He stated, “See, the clerk’s already reviewed everything… and then all I do is co-sign.” 

He also stated, “It’s just in a stack of checks I’m signing, I might’ve missed – I might’ve missed those, might not have looked over it that good. Like yourself, I’m trying to get back out and go do my job. Sign what they got to do and get out.” 

When the commissioner was asked what his signature represents, he stated, “Basically, from what I understand, it don’t really mean anything.”

Clerk obtained $4,410 in unallowed vacation pay

The clerk was paid for vacation leave while still working, which is in violation of town policy. 

From November 2017 through February 2020, the Clerk prepared and issued 10 checks to herself for unallowable pay for vacation leave. In total, the Clerk received vacation leave pay for 350 hours totaling $4,410 while also being paid for working.

For five of the payments, the checks were approved by a commissioner, despite violating the town policy.

For the remaining five payments, the clerk prepared and processed the checks without obtaining a second signature.

Additionally, based on the clerk’s years of service, she had not earned and was not entitled to $1,826 — or 146 hours — of the $4,410 in vacation leave pay she paid herself while working for the town.

This resulted in $4,410 that was available for budgetary purposes and was caused by insufficient review. 

Clerk commingled personal and town funds

The report says the clerk commingled at least $5,366 of her personal funds in the town’s bank account. 

“As a result, the town was at a greater risk of fraud, such as the clerk using town funds for personal use,” according to the audit. “The commingling of funds happened and was not detected because the town board of commissioners did not develop procedures for someone other than the clerk to perform a review of the monthly bank statements, including a review of canceled checks.”

North Carolina General Statutes require the clerk to keep the accounts of the local government in accordance with generally accepted principles of governmental accounting. Commingling personal funds with town funds is not an acceptable principle of governmental accounting.

While reviewing the town’s bank account and bank statements, investigators noted that the number of payroll checks received by the clerk exceeded the number of payroll periods. There were 234 payroll periods, but the clerk received 258 payroll checks.

The audit says the clerk deposited cash received from child support payments into the town’s bank account and then wrote herself a town check to recover her funds. 

The clerk explained that she took pictures of the town checks and used the mobile banking application on her phone to deposit these funds into her bank account in Virginia.

“In some instances, the town checks the clerk wrote to herself were greater than the amount of her personal funds she deposited into the town’s bank account. The clerk treated the excess amounts as unauthorized employee loans.

Further, the clerk issued 76 payroll checks without obtaining the required secondary signature.

Commissioner purchased used town equipment for approximately $2,700 below fair market value

“As a result, the town lost approximately $2,700 from the sale of the lawnmower that could have been used for the benefit of town residents,” the report says. “The town commissioners that approved the private sale of the lawnmower did not perform due diligence to obtain the fair market value of the lawnmower.”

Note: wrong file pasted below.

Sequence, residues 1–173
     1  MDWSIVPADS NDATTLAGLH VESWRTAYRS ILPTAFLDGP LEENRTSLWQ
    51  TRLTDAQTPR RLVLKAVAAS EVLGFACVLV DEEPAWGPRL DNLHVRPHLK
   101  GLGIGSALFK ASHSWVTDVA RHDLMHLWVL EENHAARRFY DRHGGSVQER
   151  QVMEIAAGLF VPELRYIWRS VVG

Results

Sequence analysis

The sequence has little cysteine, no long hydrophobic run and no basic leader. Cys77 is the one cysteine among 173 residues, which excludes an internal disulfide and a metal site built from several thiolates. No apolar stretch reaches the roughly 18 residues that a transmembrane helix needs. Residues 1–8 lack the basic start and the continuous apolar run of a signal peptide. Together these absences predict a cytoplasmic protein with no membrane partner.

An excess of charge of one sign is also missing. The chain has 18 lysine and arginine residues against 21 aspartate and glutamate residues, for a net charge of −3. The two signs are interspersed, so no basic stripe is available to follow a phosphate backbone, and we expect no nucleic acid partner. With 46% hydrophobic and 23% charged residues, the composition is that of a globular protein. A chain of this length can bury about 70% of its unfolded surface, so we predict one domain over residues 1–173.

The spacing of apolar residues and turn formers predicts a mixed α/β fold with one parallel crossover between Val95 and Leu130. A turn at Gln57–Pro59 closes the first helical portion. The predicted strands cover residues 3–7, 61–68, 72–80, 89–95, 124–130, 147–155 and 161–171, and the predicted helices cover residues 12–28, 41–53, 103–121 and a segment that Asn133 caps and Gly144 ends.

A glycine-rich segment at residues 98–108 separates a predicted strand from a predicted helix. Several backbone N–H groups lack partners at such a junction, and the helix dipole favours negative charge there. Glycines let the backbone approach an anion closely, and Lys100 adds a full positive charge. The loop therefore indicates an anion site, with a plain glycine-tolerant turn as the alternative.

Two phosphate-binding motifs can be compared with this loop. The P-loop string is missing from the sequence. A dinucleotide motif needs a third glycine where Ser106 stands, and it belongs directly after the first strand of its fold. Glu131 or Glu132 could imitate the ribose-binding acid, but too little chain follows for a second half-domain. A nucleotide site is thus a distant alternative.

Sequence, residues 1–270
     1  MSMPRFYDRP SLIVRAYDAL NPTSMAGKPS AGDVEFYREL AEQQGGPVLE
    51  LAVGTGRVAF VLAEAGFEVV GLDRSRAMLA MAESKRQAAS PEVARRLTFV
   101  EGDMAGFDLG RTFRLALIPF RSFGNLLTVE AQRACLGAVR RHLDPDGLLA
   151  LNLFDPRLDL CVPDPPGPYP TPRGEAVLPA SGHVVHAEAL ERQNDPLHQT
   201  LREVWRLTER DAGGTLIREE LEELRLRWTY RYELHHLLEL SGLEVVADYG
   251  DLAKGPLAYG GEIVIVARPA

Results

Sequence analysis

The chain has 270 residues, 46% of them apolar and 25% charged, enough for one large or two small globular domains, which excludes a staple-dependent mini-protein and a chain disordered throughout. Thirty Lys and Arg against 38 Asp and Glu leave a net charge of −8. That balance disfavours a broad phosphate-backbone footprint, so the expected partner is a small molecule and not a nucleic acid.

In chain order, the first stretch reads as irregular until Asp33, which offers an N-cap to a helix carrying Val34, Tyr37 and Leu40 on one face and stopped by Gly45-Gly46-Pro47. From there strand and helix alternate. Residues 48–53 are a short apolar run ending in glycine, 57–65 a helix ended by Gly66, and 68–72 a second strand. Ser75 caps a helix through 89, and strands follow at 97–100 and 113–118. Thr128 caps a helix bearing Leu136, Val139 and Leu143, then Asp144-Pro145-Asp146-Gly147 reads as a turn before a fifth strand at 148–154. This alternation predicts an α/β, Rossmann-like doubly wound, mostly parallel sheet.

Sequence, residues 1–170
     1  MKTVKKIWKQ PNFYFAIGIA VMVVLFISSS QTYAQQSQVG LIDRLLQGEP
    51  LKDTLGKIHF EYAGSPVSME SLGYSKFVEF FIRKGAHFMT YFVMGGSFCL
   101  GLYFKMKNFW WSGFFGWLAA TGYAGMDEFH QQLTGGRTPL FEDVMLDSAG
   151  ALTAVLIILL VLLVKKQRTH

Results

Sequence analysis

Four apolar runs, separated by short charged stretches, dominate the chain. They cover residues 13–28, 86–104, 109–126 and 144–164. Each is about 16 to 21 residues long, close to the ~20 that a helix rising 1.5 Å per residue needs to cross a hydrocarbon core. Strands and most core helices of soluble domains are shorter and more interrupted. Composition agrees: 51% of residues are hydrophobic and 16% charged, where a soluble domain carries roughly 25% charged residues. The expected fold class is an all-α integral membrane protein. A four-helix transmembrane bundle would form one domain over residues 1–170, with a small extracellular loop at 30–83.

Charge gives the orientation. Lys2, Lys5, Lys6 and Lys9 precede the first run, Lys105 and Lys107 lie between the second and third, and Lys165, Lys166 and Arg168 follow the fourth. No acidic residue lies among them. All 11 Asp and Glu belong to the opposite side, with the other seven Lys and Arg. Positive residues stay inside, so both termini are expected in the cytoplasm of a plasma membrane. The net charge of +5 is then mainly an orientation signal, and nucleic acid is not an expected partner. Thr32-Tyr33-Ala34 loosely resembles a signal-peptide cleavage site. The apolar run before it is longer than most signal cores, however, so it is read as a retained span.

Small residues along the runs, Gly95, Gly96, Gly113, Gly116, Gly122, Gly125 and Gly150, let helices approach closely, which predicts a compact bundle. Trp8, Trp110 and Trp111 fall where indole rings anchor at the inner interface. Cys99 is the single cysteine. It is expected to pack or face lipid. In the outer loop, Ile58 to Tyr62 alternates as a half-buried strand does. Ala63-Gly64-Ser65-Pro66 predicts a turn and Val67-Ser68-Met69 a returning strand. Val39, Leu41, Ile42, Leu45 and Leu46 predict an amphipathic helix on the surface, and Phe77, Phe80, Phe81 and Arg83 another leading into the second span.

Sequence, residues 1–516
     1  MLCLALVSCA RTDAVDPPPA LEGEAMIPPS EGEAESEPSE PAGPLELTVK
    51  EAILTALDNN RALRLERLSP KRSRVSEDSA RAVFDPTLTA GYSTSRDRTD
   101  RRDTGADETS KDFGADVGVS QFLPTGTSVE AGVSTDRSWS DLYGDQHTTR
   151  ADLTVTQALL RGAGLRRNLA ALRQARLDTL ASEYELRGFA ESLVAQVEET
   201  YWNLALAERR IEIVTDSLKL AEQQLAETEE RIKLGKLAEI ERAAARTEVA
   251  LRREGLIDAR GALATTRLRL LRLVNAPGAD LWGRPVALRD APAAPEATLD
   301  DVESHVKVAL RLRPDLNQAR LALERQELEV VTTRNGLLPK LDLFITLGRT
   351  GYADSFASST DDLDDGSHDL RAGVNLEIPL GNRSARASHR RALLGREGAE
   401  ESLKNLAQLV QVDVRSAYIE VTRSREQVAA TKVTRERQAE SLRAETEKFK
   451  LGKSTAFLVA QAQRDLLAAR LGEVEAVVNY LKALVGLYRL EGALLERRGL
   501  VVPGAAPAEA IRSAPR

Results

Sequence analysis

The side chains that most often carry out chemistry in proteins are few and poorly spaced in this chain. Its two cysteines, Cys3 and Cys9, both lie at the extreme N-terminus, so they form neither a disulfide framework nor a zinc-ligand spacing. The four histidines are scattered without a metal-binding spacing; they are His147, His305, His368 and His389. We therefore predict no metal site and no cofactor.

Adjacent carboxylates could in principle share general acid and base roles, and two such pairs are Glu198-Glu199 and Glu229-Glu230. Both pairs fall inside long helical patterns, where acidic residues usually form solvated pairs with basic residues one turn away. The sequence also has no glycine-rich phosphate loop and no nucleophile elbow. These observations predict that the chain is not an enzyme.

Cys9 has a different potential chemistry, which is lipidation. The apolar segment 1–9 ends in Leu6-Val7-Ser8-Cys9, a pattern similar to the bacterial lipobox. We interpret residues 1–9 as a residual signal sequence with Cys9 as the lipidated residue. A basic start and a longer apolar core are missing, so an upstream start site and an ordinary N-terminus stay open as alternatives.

The audit says the town’s policies and procedures prohibit seeking personal or financial gain and prohibit engaging in a scheme for personal profit in connection with official duty or city property, such as the town-owned lawnmower.

In 2009, the town purchased a Gravely 260 lawnmower for $7,490. 

The lawnmower was used by the commissioner as part of his job duties as a public works employee.

In 2019, the commissioner purchased the lawnmower from the town for $800.

During the July 2019 town board meeting the commissioner making the purchase stated the lawnmower would cost about $5,000 to fix.

The fair market value for a used 2009 Gravely 260 lawnmower is approximately $3,500. Investigators shared this information with the commissioner. 

In response, he stated, “I just told them I’d give them $800 for it. I made the offer, they accepted it. They had full range to turn it down if they wanted to, but they accepted it.”

The commissioner also told investigators he has not paid for any repairs or parts for the lawnmower. “The commissioner stated that he uses the lawnmower regularly to cut his grass, despite telling the board that the lawnmower would cost $5,000 to fix.”

Although one commissioner attempted to maximize the proceeds of the lawnmower by suggesting a sealed bid process, the sale of the lawnmower was approved by a vote of 2 to 1. The town commissioner who made the motion for the sale of the lawnmower to the other commissioner referred to him as “his buddy.”

Town officials failed to safeguard assets

“Assets belonging to the town of Gaston were not safeguarded,” according to the report. “Specifically, vehicle and fuel card use was not monitored. As a result, there was an increased risk of misuse of town assets. Vehicles and fuel cards were not safeguarded because the town did not have written policies in place regarding vehicle and fuel card use. Guidance from the Local Government Commission requires assets belonging to the town to be safeguarded.”


The audit states the town could not give an accounting of the following:

Could not provide a complete listing of the vehicles assigned to the Public Works Department.

Did not monitor the usage of Public Works Department vehicles to ensure they were being used only for town business.

Did not require employees to complete a sign-out sheet when using Public Works Department vehicles.

Did not maintain mileage logs for Public Works Department vehicles.

Could not provide vehicle usage information including purpose, dates, mileage, and drivers of Public Works Department vehicles.

Kept keys to Public Works Department vehicles in an unlocked desk drawer in an unlocked office.

Fuel Cards

Five fuel cards that were assigned to the Public Works Department were not monitored.

Specifically, the town:

Did not assign the fuel cards to an individual or vehicle.

Did not restrict or limit employee access to the five fuel cards.

Did not require employees to submit receipts or any form of justification for fuel card use.

Did not review monthly fuel card statements, including monitoring for irregularities.